Ice Core Secrets Could Reveal Answers to Global Warming

Inside of ice cores from Greenland are trapped environments from 50 thousand years ago.

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By Marsha Walton, Science Nation Producer

At the Stable Isotope Lab in Boulder, Colo., scientists are doing a lot of the same things that those CSI folks do on TV. But instead of being "crime scene investigators," these experts are more like "cold scene investigators." Geoscientists like lab director Jim White work primarily with one raw material: ancient ice, in the form of ice cores.

The ice cores come from Greenland and Antarctica. And, says White, they hold secrets from thousands of years ago.

"Inside this ice core is trapped the environment from about 50 thousand years ago," said White, showing a two-foot core. "You can see some bubbles in here, that's the atmosphere. We can take this ice core, we can crush it up, we can remove the air that is inside of here, and find out how much C02 (carbon dioxide) is in here; methane and other greenhouse gases were in the atmosphere at the time when this ice core was formed," he said.

Scientists have only been deciphering the pages of these frozen books for about 40 years. The information extracted from this ice could play a critical role in understanding and preparing for any imminent changes to our planet from global warming.

"So it's not just that the past tells us what happened, but the past gives us some clues about what could occur in the future," said White.

White's recent analysis of Greenland ice cores, a National Science Foundation (NSF)-supported project, has revealed some important clues about rapid climate changes at the end of the last ice age, about 11,700 years ago.

The climate changes White has documented unfolded dramatically, in only about five decades.

"So what we saw were changes in temperature of 20 to 30 degrees Fahrenheit, in a human lifetime, and a doubling of snowfall in one or two years. Now what could cause those kinds of changes?" asked White.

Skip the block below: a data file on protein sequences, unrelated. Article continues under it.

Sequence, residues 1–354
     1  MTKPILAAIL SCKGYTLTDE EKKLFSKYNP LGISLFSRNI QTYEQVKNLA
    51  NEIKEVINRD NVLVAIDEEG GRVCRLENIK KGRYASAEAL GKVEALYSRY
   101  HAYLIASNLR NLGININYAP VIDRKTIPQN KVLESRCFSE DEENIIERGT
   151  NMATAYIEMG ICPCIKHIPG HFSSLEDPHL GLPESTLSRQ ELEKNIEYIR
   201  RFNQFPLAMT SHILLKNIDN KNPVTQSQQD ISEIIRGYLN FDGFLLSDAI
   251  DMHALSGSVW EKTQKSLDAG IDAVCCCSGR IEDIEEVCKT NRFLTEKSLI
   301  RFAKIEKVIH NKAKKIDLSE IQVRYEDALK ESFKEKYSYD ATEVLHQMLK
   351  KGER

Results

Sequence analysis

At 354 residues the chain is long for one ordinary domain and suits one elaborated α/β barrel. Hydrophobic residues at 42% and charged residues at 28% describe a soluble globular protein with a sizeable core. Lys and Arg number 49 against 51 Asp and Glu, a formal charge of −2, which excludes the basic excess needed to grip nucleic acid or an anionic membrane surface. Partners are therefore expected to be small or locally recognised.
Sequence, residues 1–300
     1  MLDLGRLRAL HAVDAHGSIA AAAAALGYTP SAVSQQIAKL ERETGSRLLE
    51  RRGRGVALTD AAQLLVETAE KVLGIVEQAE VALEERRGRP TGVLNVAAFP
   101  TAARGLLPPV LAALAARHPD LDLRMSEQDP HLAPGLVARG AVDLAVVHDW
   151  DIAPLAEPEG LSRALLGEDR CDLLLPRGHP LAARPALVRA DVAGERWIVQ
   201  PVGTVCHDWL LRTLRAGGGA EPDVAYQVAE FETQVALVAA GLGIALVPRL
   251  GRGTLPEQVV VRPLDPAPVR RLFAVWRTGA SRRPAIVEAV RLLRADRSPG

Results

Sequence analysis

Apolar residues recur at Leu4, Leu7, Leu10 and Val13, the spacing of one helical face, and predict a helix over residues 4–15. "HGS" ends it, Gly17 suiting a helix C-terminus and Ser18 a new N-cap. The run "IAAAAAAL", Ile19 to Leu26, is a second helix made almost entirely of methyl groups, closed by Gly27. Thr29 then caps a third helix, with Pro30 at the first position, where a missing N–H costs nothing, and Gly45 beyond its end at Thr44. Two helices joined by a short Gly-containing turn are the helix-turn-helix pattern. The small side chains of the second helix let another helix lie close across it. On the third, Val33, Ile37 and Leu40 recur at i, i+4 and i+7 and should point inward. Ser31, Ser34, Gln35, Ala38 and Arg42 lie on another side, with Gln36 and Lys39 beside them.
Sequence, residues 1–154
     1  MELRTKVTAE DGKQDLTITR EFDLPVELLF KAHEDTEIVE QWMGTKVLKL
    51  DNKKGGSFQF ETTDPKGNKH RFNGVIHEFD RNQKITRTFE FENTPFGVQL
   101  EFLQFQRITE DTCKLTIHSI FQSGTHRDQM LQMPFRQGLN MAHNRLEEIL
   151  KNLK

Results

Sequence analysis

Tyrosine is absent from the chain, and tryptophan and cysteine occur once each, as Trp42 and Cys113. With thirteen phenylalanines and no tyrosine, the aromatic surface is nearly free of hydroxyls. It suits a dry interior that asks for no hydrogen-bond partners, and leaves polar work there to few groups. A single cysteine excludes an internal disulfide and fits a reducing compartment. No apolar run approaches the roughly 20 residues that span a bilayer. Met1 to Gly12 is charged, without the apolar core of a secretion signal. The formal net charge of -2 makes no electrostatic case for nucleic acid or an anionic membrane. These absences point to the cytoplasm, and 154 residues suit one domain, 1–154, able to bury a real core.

The likeliest triggers include ocean circulation, which today keeps northern Europe from being frigid. Atmospheric circulation, like the jet stream, may also have switched patterns. Changes in sea ice, like the dramatic retreat being observed right now in the Arctic, could also have contributed to that warming thousands of years ago.

Besides being able to determine the greenhouse gases in the ancient ice, scientists have another surprising forensic tool.

"There's a thermometer that lurks within the ice," said White. "This particular thermometer is not one that's based on the expansion of a liquid, like mercury thermometers. This one is based on the ratio of heavy hydrogen to light hydrogen. The more heavy hydrogen you have, the warmer the cloud was that had the snow. The less heavy hydrogen, the lighter it was. It's just as good a thermometer," he said.

Most people know little about Greenland and the ice that stretches about two miles below sea level. So why should we care about its ice melting?

"Greenland contains something in the neighborhood of 20 feet of sea-level rise, were the entire Greenland ice sheet to melt," said White.

"And if that land ice goes into the ocean, you'd raise sea level in the neighborhood of 20 feet. That's obviously significant. That would inundate, drown, major cities like Miami, Houston, Oakland, New Orleans. It would be all around the world. So it's important to recognize how much ice is up there," he said.

The "pages" of each ice core are like roadmaps.

"We've learned how to read this book better and better, to extract from it the information that's here," said White.

But unlike those CSI shows, these scientists at the University of Colorado at Boulder's Institute of Arctic and Alpine Research (INSTAAR) don't come up with the answers to current climate change at the end of an hour. There is a lot more to learn, to determine if the situation on Earth right now will play out the same way it did thousands of years ago.

"I would say we're still flying blind when it comes to, 'Is there a rapid change on its way?'" said White.

Corrected on : An erroneous reference to an ice age that ended 15,000 years ago has been removed from this article.